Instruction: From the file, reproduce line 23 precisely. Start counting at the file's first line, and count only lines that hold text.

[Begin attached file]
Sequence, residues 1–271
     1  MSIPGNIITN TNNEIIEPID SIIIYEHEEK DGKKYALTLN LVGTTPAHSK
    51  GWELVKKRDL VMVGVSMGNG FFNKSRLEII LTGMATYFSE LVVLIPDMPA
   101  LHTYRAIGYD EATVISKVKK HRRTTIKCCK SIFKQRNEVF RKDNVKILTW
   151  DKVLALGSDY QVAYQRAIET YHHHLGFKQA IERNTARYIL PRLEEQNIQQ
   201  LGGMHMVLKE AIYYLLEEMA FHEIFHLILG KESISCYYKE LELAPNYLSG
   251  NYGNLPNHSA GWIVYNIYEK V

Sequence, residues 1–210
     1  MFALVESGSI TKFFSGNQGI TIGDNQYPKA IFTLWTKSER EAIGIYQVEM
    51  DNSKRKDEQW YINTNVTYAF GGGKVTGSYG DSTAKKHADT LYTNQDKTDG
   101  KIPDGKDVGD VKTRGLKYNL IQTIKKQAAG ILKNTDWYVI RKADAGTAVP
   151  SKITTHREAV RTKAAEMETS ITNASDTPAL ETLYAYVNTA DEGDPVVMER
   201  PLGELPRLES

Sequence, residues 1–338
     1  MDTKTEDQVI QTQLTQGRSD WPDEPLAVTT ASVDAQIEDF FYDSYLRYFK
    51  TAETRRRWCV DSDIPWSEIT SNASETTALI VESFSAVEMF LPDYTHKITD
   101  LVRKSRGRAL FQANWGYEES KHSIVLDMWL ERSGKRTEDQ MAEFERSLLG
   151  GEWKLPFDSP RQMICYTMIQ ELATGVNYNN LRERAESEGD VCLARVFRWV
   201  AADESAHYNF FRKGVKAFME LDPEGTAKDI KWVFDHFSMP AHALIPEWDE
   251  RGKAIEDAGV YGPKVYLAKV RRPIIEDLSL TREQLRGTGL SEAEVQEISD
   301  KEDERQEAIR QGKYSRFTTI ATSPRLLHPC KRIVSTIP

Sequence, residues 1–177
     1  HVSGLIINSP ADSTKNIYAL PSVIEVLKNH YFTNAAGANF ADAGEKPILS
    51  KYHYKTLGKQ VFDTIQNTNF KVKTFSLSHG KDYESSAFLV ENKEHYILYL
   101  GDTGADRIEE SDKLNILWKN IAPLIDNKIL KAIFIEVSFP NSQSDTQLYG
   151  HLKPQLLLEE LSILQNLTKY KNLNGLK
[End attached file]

     1  HVSGLIINSP ADSTKNIYAL PSVIEVLKNH YFTNAAGANF ADAGEKPILS